Hong Kong: Hong Kong`s shares tumbled Monday and the local dollar hit a six-month low against the greenback as pro-democracy protests brought parts of the city to a standstill with with many schools, businesses and banks shut down.
As demonstrators refused to back down on their demands for Beijing to grant the city universal suffrage, fears of a long stand-off saw investors sell off major banks including HSBC and Standard Chartered.
In response, the city`s stock exchange said trading would continue as normal and the central bank sought to reassure investors, while it also announced it would make liquidity available to support the banking system.
However, the Hang Seng Index sank 2.20 percent at one point before paring some of the losses to sit 1.94 percent lower by the break.
A report by New York-based advisory firm JL Warren Capital said: "We are likely to see (a) major sell-off and volatility for days to come" in the Hong Kong stock market.
It said those likely to be hurt most would be Hong Kong-listed retailers such as luxury businesses selling products purchased by mainland tourists, and local and Macau tourism businesses.
Sunday`s unrest was the worst since the handover in 1997 and saw police fire volleys of teargas into crowds of thousands.
While the trouble had subsided by Monday morning, crowds of defiant demonstrators still controlled a number of major thoroughfares and intersections in the heavily congested city.
An AFP reporter on the scene in Mongkok -- one of the most densely populated suburbs of the city and the site of a second protest across the harbour in Kowloon -- saw angry confrontations between protestors and members of the public frustrated at the disruption. Banks, jewellery shops and clothes stores in the busy shopping district remained closed.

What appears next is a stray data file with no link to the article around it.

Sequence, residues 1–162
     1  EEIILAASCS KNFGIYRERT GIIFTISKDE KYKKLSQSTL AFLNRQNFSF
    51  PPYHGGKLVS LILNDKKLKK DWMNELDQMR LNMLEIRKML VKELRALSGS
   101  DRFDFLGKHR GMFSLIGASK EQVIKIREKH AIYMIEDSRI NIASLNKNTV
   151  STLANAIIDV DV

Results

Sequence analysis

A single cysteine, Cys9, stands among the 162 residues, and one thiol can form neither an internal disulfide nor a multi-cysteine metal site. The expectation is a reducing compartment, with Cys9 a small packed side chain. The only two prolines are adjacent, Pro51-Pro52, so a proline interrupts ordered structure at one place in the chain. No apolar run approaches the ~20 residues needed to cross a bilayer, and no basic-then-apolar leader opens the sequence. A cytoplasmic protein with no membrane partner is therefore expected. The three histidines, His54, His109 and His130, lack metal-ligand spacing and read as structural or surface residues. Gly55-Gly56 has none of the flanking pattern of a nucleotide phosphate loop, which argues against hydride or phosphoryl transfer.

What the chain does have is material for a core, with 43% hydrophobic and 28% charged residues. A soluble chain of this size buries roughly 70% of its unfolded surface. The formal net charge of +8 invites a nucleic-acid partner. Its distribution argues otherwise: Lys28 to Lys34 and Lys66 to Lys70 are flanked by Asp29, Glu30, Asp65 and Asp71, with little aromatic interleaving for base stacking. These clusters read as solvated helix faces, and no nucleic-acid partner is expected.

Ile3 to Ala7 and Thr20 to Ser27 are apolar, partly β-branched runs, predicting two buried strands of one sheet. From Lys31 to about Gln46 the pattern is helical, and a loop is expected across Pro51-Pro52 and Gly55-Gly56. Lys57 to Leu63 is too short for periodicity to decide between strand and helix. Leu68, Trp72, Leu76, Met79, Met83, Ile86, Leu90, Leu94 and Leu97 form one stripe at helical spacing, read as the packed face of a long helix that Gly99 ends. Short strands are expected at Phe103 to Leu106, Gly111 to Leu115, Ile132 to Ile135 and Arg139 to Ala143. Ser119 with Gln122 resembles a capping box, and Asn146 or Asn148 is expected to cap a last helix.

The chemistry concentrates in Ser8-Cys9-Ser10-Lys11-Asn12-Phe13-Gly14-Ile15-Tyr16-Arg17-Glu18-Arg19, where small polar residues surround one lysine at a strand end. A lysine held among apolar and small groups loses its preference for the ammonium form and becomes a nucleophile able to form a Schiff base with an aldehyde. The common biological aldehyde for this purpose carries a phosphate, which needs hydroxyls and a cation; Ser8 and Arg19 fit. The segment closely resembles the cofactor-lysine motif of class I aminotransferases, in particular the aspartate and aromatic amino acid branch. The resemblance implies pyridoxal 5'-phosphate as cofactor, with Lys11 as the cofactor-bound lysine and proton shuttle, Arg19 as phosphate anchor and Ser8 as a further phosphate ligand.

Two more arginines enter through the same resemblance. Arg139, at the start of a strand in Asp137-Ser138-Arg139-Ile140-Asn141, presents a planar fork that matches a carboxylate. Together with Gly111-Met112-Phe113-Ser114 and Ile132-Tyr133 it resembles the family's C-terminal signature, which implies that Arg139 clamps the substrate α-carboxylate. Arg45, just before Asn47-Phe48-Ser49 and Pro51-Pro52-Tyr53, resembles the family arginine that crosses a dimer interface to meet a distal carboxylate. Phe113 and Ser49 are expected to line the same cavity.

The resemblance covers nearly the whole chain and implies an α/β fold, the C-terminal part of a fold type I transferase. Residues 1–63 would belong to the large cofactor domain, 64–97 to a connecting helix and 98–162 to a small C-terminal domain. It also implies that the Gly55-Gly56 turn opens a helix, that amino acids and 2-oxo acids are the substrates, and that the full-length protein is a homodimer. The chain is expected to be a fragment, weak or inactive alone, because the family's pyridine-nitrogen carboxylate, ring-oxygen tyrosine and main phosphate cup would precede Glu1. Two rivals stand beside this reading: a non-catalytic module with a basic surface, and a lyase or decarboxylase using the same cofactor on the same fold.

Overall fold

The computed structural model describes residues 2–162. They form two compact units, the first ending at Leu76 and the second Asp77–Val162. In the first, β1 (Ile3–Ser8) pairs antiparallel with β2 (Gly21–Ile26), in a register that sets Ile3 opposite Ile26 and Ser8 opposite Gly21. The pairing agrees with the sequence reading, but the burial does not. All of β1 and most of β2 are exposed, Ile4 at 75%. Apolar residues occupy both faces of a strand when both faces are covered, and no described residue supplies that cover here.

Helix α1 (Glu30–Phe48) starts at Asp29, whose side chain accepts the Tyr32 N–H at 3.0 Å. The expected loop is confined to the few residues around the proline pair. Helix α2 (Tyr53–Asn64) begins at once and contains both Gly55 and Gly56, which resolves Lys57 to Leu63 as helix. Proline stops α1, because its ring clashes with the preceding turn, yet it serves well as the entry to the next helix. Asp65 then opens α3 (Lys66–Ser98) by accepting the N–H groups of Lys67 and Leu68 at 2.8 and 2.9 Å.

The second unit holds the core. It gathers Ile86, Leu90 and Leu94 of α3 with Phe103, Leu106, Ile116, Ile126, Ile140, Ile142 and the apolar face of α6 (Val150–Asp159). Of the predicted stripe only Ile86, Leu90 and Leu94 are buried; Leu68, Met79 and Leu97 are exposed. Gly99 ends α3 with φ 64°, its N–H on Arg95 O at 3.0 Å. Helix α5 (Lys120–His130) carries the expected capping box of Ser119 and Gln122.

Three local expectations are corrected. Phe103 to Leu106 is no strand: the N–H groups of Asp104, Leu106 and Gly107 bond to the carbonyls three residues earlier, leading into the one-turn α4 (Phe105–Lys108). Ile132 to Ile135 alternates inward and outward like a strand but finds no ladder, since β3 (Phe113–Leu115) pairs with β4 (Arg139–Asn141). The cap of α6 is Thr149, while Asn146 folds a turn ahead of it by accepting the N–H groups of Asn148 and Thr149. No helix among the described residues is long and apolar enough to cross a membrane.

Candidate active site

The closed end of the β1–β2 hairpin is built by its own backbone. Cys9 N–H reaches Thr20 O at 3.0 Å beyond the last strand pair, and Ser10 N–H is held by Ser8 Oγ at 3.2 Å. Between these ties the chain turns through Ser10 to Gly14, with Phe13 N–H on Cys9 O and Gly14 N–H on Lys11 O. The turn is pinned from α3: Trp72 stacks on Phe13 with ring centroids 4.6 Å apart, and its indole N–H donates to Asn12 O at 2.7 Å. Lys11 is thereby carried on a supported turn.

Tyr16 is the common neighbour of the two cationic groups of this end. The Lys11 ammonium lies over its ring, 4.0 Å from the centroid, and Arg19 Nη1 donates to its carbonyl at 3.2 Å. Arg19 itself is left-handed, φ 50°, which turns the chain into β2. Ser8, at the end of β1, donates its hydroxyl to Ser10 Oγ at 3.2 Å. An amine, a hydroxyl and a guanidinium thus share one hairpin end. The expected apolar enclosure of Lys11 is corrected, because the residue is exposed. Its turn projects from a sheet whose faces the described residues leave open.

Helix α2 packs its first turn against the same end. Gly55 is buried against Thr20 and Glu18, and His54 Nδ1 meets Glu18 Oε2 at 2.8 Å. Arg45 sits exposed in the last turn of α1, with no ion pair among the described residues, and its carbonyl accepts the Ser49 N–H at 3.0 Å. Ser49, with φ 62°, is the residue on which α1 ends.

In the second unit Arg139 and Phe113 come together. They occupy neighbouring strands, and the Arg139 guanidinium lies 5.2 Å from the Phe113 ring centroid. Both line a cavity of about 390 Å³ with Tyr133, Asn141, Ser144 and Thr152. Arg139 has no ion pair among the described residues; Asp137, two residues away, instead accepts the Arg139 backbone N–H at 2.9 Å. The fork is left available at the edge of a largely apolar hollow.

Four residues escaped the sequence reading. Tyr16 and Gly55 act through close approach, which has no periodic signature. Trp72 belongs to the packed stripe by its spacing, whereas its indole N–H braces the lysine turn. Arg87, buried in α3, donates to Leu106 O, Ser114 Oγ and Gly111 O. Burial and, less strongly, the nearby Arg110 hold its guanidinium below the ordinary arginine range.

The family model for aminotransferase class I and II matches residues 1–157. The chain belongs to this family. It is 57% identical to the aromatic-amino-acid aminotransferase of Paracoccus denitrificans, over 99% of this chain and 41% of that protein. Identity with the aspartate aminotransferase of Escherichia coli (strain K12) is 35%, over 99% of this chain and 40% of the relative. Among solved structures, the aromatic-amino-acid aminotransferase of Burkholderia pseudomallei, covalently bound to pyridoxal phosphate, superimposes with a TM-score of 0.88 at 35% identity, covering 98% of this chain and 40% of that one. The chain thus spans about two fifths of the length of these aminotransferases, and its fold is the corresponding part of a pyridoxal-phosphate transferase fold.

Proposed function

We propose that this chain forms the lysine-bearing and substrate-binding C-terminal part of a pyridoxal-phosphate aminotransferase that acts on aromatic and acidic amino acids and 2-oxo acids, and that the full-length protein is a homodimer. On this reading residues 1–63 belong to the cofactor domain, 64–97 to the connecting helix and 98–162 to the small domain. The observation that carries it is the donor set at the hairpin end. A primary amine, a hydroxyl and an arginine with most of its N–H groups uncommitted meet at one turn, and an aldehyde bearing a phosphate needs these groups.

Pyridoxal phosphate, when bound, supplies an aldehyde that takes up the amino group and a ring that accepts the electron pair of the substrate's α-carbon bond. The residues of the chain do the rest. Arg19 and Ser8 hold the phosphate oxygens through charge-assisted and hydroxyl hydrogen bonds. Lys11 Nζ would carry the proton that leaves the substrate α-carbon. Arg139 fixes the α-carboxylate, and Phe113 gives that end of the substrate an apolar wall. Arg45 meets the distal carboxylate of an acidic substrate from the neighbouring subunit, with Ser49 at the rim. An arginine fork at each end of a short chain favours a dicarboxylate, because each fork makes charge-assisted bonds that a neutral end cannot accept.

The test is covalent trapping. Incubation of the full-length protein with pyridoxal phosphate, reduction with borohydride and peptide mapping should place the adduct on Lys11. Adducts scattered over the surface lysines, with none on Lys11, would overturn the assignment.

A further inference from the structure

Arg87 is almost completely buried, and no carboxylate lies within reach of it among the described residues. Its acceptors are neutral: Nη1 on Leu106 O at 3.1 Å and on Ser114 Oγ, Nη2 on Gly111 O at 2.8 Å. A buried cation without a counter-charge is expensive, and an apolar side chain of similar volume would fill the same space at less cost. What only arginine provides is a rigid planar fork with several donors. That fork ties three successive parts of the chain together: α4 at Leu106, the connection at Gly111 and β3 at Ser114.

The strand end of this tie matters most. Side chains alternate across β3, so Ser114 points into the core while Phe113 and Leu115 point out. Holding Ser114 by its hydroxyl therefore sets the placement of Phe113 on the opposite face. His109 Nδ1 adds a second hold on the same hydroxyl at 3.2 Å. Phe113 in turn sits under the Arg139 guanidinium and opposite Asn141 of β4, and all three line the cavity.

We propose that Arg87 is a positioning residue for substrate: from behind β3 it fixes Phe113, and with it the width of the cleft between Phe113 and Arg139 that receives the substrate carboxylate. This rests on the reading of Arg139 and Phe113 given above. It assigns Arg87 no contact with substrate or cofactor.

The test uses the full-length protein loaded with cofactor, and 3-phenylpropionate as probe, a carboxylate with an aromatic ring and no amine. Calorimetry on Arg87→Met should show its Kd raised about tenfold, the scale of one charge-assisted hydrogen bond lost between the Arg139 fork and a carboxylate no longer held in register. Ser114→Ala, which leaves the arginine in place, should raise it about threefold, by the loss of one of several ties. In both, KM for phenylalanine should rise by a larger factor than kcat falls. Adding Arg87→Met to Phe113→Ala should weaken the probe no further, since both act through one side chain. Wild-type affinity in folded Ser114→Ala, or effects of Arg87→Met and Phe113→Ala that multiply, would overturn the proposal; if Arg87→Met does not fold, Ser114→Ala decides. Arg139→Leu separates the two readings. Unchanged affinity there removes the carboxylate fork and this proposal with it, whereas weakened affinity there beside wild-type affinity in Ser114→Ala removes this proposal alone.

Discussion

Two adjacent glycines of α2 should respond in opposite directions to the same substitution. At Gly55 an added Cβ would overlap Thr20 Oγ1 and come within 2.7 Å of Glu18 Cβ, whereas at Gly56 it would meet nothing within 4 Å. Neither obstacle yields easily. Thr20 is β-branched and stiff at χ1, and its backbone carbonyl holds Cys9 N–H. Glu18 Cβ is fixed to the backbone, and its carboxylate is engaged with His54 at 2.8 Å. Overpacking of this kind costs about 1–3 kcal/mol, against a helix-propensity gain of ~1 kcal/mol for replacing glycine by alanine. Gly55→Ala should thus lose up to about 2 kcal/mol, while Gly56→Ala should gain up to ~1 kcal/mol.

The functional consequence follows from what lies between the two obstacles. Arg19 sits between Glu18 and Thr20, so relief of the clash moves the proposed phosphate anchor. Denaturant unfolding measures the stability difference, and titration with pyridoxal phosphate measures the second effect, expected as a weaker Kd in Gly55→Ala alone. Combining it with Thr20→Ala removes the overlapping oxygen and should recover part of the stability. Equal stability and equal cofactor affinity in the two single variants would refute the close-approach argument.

The Transport Department said more than 200 bus routes were suspended or diverted while central sections of the tram network were also down.
The city`s underground rail service was largely unaffected but multiple station exits in the busy island districts of Causeway Bay and Admiralty -- where many international businesses are located -- were closed after protesters blocked them with barricades. Some exits at Mongkok were also blocked.
The stock exchange insisted it would continue to operate as normal but the Hong Kong Monetary Authority said 17 banks were forced to close 29 branches across the city.
Standard Chartered, HSBC Holdings, Bank of East Asia, the Bank of China and CITIC were among those who said their operations were affected by the protests.
In a bid to limit the impact of the protests on the markets the HKMA said: "The Hong Kong interbank markets will function normally today. The Currency Board mechanism will also function normally to maintain the stability of the Hong Kong dollar exchange rate.
"The HKMA will also inject liquidity into the banking system as and when necessary under the established mechanism."
However, the Hong Kong dollar suffered a sell-off in early exchanges, slipping to 7.7623 against the greenback -- its lowest since March. The dollar is pegged to the greenback but can move within a band of 7.75 to 7.85.
The Education Bureau said schools in the areas where protesters had gathered would remain closed with parents urged to "place safety as a top priority".
The government also announced all committee meetings at the city`s legislative building, which has become a major gathering point for protesters, would be cancelled.